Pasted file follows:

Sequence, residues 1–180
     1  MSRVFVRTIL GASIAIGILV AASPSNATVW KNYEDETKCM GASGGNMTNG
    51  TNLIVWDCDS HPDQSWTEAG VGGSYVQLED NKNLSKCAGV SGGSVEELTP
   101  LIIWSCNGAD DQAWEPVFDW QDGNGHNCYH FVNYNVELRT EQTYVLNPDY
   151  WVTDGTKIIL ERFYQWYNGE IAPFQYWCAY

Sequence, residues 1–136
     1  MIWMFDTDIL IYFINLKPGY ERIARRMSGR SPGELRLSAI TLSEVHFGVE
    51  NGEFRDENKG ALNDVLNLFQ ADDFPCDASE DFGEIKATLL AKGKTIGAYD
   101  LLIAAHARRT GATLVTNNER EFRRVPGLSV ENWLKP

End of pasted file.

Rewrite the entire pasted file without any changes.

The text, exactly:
Sequence, residues 1–180
     1  MSRVFVRTIL GASIAIGILV AASPSNATVW KNYEDETKCM GASGGNMTNG
    51  TNLIVWDCDS HPDQSWTEAG VGGSYVQLED NKNLSKCAGV SGGSVEELTP
   101  LIIWSCNGAD DQAWEPVFDW QDGNGHNCYH FVNYNVELRT EQTYVLNPDY
   151  WVTDGTKIIL ERFYQWYNGE IAPFQYWCAY

Sequence, residues 1–136
     1  MIWMFDTDIL IYFINLKPGY ERIARRMSGR SPGELRLSAI TLSEVHFGVE
    51  NGEFRDENKG ALNDVLNLFQ ADDFPCDASE DFGEIKATLL AKGKTIGAYD
   101  LLIAAHARRT GATLVTNNER EFRRVPGLSV ENWLKP